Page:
Kinshasa. Ten million inhabitants, thousands of shégués (street children), hundreds of wrestlers and their brass bands. Edingwe, Dragon, City Train, Mabokotomo; the “legends” of Congolese wrestling are reinvented every day in the suburbs of the city.
Bodybuilding or black magic enthusiasts, they fight for glory in makeshift boxing rings. Often coming from the street, their charisma is an object of respect and admiration: two major assets in beautiful Kinshasa.
Kinshasa is a storm on a lake of lava. Collared by officials and holders, those who land at Njili airport usually find out about it in less than a minute. Yet Kinshasa’s clamour has something stunning and astonishing, and Congolese wrestlers are the most vivid expression of this daily madness.
In the working-class suburbs of this city of nearly ten million inhabitants, Edingwe, Dragon, City Train, Mabokotomo, the “legends” of the Congolese wrestling are reinvented every day. Bodybuilding or black magic enthusiasts, they fight for glory in makeshift boxing rings. Often coming from the street, their charisma is an object of respect and admiration: two major assets in beautiful Kinshasa.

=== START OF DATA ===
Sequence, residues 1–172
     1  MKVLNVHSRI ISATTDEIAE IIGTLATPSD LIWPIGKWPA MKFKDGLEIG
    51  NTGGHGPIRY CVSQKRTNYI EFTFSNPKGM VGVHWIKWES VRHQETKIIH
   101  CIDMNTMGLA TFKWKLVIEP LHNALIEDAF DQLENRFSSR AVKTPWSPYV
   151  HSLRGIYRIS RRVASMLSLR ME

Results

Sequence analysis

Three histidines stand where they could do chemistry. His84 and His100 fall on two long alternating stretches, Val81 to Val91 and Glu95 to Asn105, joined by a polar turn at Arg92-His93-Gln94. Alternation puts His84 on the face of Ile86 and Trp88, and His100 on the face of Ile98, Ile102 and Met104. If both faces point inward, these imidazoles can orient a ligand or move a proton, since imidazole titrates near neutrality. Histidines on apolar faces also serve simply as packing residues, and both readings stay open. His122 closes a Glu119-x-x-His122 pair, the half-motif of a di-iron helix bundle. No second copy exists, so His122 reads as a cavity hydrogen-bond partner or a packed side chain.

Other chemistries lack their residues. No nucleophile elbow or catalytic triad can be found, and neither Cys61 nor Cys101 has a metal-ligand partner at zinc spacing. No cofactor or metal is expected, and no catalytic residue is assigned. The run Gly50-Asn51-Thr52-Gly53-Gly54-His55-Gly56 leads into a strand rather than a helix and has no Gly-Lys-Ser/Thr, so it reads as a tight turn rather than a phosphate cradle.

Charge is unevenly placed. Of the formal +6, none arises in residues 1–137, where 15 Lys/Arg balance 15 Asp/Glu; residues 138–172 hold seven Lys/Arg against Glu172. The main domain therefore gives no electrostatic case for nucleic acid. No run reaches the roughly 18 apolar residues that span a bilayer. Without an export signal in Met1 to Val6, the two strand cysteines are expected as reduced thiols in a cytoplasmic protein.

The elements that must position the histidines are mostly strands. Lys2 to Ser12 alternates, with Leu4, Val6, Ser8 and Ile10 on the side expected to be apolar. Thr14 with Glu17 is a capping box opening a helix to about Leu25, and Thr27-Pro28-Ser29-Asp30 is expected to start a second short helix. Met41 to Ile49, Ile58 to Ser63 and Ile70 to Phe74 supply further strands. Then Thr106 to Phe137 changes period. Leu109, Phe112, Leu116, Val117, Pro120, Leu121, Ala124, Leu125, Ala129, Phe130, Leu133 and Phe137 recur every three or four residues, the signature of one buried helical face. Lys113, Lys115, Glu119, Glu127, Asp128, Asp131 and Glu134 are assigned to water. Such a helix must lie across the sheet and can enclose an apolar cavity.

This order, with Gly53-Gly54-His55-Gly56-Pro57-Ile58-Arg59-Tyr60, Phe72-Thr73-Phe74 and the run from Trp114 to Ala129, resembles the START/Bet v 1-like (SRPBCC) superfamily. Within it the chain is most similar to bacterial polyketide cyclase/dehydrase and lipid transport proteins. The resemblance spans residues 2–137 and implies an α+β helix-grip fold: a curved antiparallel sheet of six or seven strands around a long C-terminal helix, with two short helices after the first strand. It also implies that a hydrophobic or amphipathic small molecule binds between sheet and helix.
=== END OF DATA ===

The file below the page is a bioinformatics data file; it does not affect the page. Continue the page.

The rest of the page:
These men – taxi drivers, street vendors and for the luckiest, bodyguards – are the new heroes of Kinshasa’s nights. Heroes that have grown up with Congolese resourcefulness and have tried to improve their daily routine through wrestling. When the sun goes down, after hanging up their daily lives, they get dressed up in masks and outfits to challenge those who, like them, have a thirst for glory.
Their synchronised moves between the ring’s four ropes are typical of traditional Congolese dance steps. Congolese people have succeeded in unifying what was once two distinct disciplines – dancing and fighting – into “wrestling voodoo’’ – a performance that is as athletic as it is artistic.
Let the show begin …
Text and photos : Colin Delfosse www.outoffocus.be